This is another indication of the global nature of gold’€™s bull market and the fact that all fiat currencies are now vulnerable to currency debasement and devaluation. Focusing on gold solely in U.S. dollar terms remains simplistic and misleading.

Gold’s consolidation in recent months in all currencies and gradual gains since late January suggest that we may be on the verge of a break out in all currencies and a powerful move upward in the next leg of the precious metal bull markets.

Thirteen Exotic Elements We can’t Live Without

From indium touchscreens to hafnium-equipped moonships, the nether regions of the periodic table underpin modern technology,€“ but supplies are getting scarce

AS YOU flick the light switch in your study, an eerie europium glow illuminates your tablet computer, idling on the desk. You unlock it, casually sweeping your finger across its indium-laced touchscreen. Within seconds, pulses of information are pinging along the erbium-paved highways of the internet. Some music to accompany your surfing? No sooner thought than the Beach Boys are wafting through the neodymium magnets of your state-of-the-art headphones.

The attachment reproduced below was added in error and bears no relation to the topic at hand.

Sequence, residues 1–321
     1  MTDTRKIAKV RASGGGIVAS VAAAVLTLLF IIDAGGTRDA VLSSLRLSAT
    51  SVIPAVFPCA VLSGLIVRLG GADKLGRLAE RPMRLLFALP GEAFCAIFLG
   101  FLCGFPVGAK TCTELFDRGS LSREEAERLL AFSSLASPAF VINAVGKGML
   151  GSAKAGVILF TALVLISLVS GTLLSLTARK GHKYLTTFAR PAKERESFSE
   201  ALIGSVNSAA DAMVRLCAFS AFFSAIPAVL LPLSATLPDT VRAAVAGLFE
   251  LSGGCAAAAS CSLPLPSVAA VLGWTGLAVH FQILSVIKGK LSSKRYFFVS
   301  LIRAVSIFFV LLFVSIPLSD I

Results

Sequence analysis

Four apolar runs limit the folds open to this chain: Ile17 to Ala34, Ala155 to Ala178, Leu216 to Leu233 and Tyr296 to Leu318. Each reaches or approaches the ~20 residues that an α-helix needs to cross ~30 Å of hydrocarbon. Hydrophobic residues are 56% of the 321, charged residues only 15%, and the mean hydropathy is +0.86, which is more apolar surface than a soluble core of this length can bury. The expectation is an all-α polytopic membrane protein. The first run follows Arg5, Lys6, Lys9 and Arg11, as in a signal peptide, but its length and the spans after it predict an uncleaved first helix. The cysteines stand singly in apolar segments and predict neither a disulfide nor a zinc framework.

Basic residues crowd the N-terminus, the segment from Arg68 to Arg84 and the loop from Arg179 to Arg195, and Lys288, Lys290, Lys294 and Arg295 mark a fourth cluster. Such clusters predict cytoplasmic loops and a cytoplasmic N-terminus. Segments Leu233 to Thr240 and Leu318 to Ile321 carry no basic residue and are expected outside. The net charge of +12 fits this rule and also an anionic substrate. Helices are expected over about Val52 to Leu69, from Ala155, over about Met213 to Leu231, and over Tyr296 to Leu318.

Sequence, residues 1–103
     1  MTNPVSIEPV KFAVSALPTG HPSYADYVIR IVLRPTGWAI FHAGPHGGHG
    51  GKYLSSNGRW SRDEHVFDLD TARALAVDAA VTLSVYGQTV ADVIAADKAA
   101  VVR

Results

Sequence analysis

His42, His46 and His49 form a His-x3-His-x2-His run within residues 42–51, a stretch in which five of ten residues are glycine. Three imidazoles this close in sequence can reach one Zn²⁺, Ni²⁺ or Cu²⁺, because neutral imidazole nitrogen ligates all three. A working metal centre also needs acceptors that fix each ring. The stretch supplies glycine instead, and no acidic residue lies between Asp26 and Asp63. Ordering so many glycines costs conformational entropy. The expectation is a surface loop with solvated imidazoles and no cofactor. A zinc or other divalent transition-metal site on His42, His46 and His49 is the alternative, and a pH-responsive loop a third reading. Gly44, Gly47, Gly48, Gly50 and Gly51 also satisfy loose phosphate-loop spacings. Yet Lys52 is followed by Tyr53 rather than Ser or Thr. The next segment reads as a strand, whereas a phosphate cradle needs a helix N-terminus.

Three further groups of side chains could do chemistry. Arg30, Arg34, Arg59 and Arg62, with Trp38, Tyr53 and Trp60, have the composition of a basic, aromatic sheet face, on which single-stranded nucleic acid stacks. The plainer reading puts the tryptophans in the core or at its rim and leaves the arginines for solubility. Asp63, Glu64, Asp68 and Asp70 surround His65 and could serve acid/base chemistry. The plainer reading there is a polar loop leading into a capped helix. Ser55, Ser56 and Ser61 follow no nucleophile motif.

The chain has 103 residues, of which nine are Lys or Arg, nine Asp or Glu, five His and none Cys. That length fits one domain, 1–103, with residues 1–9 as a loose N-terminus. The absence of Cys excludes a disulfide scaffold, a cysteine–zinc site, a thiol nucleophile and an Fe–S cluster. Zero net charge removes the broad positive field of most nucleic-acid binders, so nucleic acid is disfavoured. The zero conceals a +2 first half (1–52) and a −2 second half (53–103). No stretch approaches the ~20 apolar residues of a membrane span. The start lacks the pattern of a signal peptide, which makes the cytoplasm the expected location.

For many of us, such a scene is mundane reality. We rarely stop to think of the advances in materials that underlie our material advances. Yet almost all our personal gadgets and technological innovations have something in common: they rely on some extremely unfamiliar materials from the nether reaches of the periodic table. Even if you have never heard of the likes of hafnium, erbium or tantalum, chances are there is some not too far from where you are sitting.

You could soon be hearing much more about them, too. Demand for many of these unsung elements is soaring, so much so that it could soon outstrip supply. That’s partly down to our insatiable hunger for the latest gadgetry, but increasingly it is also being driven by the green-energy revolution. For every headphone or computer hard-drive that depends on the magnetic properties of neodymium or dysprosium, a wind turbine or motor for an electric car demands even more of the stuff. Similarly, the properties that make indium indispensable for every touchscreen make it a leading light in the next generation of solar cells.

All that means we are heading for a crunch. In its Critical Materials Strategy, published in December last year, the US Department of Energy (DoE) assessed 14 elements of specific importance to clean-energy technologies. It identified six at “critical” risk of supply disruption within the next five years: indium, and five “rare earth” elements, europium, neodymium, terbium, yttrium and dysprosium. It rates a further three – cerium, lanthanum and tellurium – as “near-critical”.